Tonight Mills women will invoke the sordid and eccentric spirit of humorist and playwright Oscar Wilde in what marks the drama department’s final performance of the semester with its production of “The Importance of Being Earnest.”
Performed in Lisser Hall and running through Saturday, the play is the culmination of the Rehearsal and Performance drama class’s semester-long training.
Through the escapades of two adventure seeking gentlemen who invent imaginary alibis for their respective travels into the city or countryside, Wilde cemented his skill for satire by challenging society, shallowness, idleness and social climbing in this, his final play.
Although originally performed in 1895, director and Mills lecturer Martin Berman has set the play in the time period of the 1960s. Underscoring the change in the play’s look, women play the parts of men and the music of The Beatles sets the tone for the decade.
Despite these topical differences, Berman said that the time period is unessential in keeping with the integrity of the play and that the traits of self-absorption and self-obsession that Wilde parodies are the same in any era.
“It almost doesn’t have a time period,” Berman said of the play. “Any upper class that thinks itself above others can be satirized. But he [Wilde] did it in such a way that the people he was making fun of were able to appreciate it and laugh.”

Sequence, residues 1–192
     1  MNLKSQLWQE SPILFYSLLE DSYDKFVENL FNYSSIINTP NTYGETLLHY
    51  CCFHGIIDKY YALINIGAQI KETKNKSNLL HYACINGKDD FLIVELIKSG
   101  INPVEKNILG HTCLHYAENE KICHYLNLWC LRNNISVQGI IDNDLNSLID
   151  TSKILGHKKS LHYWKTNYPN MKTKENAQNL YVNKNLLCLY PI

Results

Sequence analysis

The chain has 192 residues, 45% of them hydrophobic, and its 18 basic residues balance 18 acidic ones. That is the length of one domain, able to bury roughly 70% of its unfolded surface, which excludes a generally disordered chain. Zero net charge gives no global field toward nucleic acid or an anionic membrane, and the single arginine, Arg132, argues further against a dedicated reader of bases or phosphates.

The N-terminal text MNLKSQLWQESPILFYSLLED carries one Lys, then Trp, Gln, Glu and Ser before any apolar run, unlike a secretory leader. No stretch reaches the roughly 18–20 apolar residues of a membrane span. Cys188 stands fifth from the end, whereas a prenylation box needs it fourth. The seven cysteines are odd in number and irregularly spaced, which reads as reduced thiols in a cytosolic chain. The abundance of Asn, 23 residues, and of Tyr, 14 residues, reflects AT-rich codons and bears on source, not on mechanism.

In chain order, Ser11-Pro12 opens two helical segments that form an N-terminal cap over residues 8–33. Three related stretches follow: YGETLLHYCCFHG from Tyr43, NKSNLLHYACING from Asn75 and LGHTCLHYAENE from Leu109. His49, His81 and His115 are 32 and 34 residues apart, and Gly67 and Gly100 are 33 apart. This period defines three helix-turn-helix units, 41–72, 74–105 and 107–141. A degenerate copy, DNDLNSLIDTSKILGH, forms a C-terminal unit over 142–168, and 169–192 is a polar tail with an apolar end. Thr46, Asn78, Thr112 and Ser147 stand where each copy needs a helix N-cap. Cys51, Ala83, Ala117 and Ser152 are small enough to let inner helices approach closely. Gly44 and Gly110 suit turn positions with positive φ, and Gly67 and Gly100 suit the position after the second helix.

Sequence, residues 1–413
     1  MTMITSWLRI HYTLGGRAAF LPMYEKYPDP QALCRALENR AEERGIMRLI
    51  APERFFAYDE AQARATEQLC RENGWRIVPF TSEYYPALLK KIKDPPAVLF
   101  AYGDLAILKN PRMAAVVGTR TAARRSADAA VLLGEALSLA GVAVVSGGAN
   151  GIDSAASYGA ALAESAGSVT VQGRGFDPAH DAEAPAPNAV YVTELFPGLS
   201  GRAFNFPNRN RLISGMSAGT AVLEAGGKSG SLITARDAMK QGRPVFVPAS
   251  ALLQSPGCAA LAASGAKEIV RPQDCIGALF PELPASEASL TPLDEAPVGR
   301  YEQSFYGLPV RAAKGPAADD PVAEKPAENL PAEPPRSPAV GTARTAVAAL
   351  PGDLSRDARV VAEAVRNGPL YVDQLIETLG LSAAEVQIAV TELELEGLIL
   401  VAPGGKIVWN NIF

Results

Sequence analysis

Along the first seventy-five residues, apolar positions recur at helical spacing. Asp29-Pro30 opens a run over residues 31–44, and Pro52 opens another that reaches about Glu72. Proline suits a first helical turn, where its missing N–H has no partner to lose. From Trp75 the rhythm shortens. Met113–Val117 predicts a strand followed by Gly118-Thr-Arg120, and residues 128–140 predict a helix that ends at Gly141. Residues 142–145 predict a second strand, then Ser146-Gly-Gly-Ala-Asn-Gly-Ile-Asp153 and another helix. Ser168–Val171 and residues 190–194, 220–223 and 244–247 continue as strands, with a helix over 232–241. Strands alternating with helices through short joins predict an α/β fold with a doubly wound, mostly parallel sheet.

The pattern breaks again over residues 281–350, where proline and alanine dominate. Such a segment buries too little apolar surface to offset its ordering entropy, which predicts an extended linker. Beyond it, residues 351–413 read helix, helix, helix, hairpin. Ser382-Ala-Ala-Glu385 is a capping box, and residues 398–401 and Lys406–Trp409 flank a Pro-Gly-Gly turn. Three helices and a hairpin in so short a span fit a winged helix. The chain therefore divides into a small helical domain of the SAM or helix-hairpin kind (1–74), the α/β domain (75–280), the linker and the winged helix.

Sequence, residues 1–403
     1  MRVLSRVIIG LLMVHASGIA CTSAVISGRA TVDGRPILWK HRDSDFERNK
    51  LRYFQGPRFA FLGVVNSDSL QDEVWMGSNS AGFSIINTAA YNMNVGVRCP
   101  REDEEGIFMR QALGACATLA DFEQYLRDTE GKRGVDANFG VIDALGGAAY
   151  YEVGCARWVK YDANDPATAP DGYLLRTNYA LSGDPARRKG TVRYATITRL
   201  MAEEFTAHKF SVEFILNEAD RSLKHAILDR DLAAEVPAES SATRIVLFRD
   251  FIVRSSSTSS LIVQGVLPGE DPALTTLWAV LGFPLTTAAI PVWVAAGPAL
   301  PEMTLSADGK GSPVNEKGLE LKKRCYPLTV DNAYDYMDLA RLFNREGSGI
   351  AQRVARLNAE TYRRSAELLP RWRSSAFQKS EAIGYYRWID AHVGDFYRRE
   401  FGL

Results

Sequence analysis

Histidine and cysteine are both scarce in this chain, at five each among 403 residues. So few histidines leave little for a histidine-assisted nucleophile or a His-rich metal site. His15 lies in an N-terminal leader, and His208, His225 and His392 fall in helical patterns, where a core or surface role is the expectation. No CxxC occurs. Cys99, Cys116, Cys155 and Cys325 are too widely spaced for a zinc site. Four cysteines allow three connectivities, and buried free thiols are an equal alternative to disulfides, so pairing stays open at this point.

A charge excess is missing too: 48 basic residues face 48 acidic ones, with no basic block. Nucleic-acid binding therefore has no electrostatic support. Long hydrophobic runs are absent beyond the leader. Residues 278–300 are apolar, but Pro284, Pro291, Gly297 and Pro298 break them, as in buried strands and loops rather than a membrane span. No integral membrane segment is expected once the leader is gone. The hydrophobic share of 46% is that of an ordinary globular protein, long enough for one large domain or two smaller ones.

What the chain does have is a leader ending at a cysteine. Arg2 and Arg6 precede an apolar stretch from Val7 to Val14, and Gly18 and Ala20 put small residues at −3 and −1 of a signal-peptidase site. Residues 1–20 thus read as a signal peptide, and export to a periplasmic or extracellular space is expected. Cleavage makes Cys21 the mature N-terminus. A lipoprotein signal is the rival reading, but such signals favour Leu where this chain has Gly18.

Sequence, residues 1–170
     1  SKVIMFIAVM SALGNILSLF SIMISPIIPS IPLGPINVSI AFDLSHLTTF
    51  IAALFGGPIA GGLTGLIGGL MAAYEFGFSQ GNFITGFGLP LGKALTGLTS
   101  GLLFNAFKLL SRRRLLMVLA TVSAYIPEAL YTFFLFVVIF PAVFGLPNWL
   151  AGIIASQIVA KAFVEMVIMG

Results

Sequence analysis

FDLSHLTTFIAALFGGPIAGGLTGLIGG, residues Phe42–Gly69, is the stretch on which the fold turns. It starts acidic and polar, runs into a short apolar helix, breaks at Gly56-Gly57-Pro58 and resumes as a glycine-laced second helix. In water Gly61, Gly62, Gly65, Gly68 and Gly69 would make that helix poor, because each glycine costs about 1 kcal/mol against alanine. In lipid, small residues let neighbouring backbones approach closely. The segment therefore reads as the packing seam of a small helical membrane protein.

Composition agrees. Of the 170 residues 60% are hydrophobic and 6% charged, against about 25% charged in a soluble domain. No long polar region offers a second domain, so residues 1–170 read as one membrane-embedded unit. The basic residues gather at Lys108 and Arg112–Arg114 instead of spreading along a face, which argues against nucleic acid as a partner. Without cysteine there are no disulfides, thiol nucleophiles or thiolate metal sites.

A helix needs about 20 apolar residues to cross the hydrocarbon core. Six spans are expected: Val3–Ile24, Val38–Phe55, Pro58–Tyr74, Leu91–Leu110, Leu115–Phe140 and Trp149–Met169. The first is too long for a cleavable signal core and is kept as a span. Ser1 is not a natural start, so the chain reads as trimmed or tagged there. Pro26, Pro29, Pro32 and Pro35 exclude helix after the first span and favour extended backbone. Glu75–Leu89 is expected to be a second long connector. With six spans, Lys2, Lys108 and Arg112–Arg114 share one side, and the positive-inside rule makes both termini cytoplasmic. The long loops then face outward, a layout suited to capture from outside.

Erika Rikard, who performs one of the play’s male characters, said she is glad to be doing a play not driven by the necessity of an all-or mostly female cast.
” I’m excited because I get to play a man. That worked out well for me,” she said. “It’s really good to be performing something well-known.”
Berman emphasized that from the acting and the lighting, to the music and the costumes, this is a student-run production under the guidance of faculty. According to Berman, this is about the 20th time the Rehearsal and Performance class has put on a campus play. And each year, depending on the size, interests and abilities, the resulting play varies. “I try to get a sense of what might be best for that particular group,” said Berman.
Another significant marker of this play is its relation to the elimination of the dramatic arts department. “It’s the second to last one of these,” said Rikard, referring to the fact that next year’s performance at this time will be the department’s final production.
Although Berman is not sure what he will direct for the final, and what he called a momentous occasion, he spoke of wanting to go out with a bang.
According to Theatre Production Specialist Angela J. Henderson, there will be a total of three productions next year and the first will be an elaborate performance of Shakespeare’s “Timon of Athens.”
“The idea is that it will be huge. The only limit of casting is in the number of people that will fit into the dressing room,” she said.
Drama Department Head Gemma Whelan will direct the second production, a version of Anton Chekhov’s “Dancing at Lughnasa.”
For now, Berman and the class look forward to their long-awaited performance and seemed glad to be working with Wilde’s classic.
“When you have a play that’s well written, it’s fun to do,” added Berman.